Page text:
Things have a funny way of hitting you all together just at the right time. September 1st signifies my family’s happy return from the land of no-flour (let’s be honest, a depressing world) into the land of happy flour consumers. Yes, we have rejoined the humanity in bread munching, pasta slurping and pancake gobbling capacity, oh joy, oh bliss! Ice cream has reunited with the cone, frittata went back to its origins of being a quiche, and while we did promise each other to earnestly pace ourselves in flour consumption, we all recognize that it’s very liberating to be back.
To celebrate this momentous occasion, a new bread recipe was tried (a post is currently pending), so that the family may enjoy a buttered toast this morning for breakfast, and we can happily report that it was a good way to [re]start.
Then, in the sermon today, among favorite dishes, spaghetti with meat sauce was mentioned by our priest and other members of the community, and that almost got me teary-eyed. Ok, maybe I was teary-eyed for other reasons — we were talking about being humble, feeding the needy, taking care of others, and paying forward, and suddenly I remembered my second grade school choir singing this sad Neapolitan song:
I am a homeless boy, wander barefoot in this world.
In the shops there are mountains of goods, but no money in my pockets.
Ah, If only a rich gentleman gave me some of his millions,
I would have given them without hesitation for a bowl of hot pasta!
Growing up in USSR, pasta was a food for the people who couldn’t afford anything else, it was the cheapest foodstuff you could find, besides the bread. I was surprised to find that in USA pasta is a staple food for the majority of the population, and is being consumed regularly. You see, my mom cooked pasta as a last resort, when we were out of anything else, and payday was not around the corner. She would buy vermicelli, which was a very thin spaghetti like pasta, clipped in short lengths. She would then fry lots of onions, mix them with minced boiled beef (a boring leftover from last night’s dinner), and sent the whole thing through the meat grinder a few times to give it smooth texture. Then a generous portion of black pepper was added, and finally this meaty goodness was added to the vermicelli. If we were lucky to have leftover cheese, a small quantity of it was grated and added into the plates, but most of the time, we went cheeseless. And that was just fine with us.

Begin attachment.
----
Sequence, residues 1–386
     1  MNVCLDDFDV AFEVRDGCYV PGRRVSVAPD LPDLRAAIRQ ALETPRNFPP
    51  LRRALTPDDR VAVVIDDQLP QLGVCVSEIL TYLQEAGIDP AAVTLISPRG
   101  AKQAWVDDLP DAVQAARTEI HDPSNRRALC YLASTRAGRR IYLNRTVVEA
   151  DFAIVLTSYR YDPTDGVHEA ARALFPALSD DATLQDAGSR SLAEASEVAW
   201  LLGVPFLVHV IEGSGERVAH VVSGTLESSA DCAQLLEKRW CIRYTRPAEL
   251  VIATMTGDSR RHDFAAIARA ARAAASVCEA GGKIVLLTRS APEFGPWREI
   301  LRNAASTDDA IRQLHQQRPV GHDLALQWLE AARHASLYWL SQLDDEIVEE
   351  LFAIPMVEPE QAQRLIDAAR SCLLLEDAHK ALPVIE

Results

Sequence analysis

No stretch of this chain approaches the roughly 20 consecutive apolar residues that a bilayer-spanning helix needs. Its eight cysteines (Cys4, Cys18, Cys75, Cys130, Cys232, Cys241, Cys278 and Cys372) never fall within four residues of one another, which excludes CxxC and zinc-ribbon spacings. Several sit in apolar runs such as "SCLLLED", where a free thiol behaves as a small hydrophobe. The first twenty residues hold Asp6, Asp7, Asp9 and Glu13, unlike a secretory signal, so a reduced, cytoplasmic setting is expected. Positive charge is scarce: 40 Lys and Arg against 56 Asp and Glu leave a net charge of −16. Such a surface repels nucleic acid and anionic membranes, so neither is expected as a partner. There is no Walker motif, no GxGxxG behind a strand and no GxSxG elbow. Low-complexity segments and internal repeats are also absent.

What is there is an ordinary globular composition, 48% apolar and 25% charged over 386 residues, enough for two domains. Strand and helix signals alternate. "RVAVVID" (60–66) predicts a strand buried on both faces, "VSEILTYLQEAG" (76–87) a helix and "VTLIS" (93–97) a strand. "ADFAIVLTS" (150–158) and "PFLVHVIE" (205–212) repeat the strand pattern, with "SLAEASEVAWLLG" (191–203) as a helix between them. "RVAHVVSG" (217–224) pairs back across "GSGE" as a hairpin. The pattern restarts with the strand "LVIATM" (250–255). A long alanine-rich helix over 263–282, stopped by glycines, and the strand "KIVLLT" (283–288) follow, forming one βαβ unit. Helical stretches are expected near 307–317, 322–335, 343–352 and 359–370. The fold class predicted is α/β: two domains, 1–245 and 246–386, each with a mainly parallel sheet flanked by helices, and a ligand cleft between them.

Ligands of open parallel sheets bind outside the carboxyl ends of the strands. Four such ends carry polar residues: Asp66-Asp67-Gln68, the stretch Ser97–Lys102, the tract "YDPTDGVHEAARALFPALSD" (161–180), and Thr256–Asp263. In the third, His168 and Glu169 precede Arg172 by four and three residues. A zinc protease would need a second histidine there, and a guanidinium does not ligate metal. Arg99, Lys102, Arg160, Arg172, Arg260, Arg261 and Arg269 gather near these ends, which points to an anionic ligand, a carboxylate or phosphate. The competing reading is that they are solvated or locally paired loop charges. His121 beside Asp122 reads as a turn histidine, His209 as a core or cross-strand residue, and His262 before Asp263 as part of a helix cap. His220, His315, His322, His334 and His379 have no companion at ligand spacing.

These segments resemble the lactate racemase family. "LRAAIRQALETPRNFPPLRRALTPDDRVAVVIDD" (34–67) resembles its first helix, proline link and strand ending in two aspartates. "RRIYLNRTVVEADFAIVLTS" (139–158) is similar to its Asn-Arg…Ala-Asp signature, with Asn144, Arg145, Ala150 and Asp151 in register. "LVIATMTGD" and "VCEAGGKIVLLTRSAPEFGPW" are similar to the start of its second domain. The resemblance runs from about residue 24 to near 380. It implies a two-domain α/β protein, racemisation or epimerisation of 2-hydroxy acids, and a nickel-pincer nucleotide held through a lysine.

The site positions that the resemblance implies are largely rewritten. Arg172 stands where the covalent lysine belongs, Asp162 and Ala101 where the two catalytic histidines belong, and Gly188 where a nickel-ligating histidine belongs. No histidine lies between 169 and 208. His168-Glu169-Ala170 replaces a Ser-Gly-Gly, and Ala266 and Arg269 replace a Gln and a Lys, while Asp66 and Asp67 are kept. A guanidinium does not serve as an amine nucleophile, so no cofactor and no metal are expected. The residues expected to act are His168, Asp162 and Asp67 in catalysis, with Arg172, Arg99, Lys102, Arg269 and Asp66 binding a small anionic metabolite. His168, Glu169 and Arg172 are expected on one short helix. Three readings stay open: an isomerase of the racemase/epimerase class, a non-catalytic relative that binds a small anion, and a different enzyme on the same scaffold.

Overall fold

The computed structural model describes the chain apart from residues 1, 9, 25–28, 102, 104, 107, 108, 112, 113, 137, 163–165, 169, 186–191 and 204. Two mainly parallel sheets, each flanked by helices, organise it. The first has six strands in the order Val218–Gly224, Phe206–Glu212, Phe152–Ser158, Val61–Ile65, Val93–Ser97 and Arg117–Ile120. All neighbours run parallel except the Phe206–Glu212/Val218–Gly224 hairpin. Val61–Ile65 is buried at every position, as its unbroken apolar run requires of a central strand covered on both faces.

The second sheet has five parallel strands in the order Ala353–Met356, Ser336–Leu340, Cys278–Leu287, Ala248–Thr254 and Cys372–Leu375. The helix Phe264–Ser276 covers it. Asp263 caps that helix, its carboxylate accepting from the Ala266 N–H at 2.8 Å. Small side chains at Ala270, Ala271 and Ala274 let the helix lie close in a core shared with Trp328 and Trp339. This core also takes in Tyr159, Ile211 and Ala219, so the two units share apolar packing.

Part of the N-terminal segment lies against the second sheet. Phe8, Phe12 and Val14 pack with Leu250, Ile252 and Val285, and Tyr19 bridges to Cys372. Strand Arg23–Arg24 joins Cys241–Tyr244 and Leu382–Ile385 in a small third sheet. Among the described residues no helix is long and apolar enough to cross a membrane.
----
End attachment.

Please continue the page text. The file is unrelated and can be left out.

Mom called this concoction Pasta Navy Style. Don’t ask, I don’t know why and how this name came about. Russian Wikipedia hints at the Italian origins of the dish, which came to Russia some time in the XVIII century, but this is not what’s important here. We loved our Pasta Navy. It was ultimately un-fancy, but we loved it because it was a splendidly tasty meal made out of almost nothing — just pasta, onions and boiled meat — a beautiful manifestation of humility and taking care of the ever-hungry kids, and most importantly, making the best of the slimmest of means.
My perfectly American family loves Pasta Navy. I am lucky, because I can cook it on a whim and not because I have to; I am fortunate to be able to add fancy Parmesano Reggiano to it on any day of the week, regardless of when my pay day is; I am blessed to have thyme and basil readily available to flavor the meat. And for that I am grateful.
Pasta Navy (The Fancy American Way)
Should serve 6-8 hungry barefoot Italian boys
- 1 16 oz pack of vermicelli or thin spaghetti pasta
- 2-3 tbsp cooking fat, I used tallow
- 1 lbs ground beef
- 1 very large onion, preferably sweet variety, such as Vidalia, finely chopped
- a few sprigs of thyme
- 1/2 tsp ground black pepper
- 1 tsp salt
- 1/2 tsp paprika (optional)
- 1/2 tsp dry basil leaves (optional)
- 2 oz Parmesano Reggiano or similar hard well aged cheese, grated
- fresh parsley to garnish
- Cook pasta according to instructions in lightly salted water with a few tbsp of olive oil added to prevent sticking. Drain and set aside.
- While pasta is cooking, prepare the meat. Heat the cooking fat in a large skillet, over medium-high heat.
- Add the finely chopped onion, and saute for a few minutes, until onion becomes translucent and very fragrant.
- Add the ground meat, stir well to incorporate onions throughout, breaking the meat apart with a spatula.
- Add thyme, salt and pepper, paprika and whatever herbs you desire.
- Saute the meat over medium-high heat, until it’s nicely browned and no longer juicy. We want an almost dry version here. It may take, depending on your onions and meat qualities, sometime between 10 and 15 minutes.
- Taste the meat and adjust seasoning if necessary. Remove the thyme sprigs.
- Transfer the cooked meat in a processor and mince until smooth.
- Combine drained pasta, meat sauce, grated cheese and fresh chopped parsley in a pot where pasta was cooking. Mix very well, working the meat into the pasta. It will seem at first like combining them is impossible, but it will work, trust me. Add a tablespoon or two of olive oil if needed.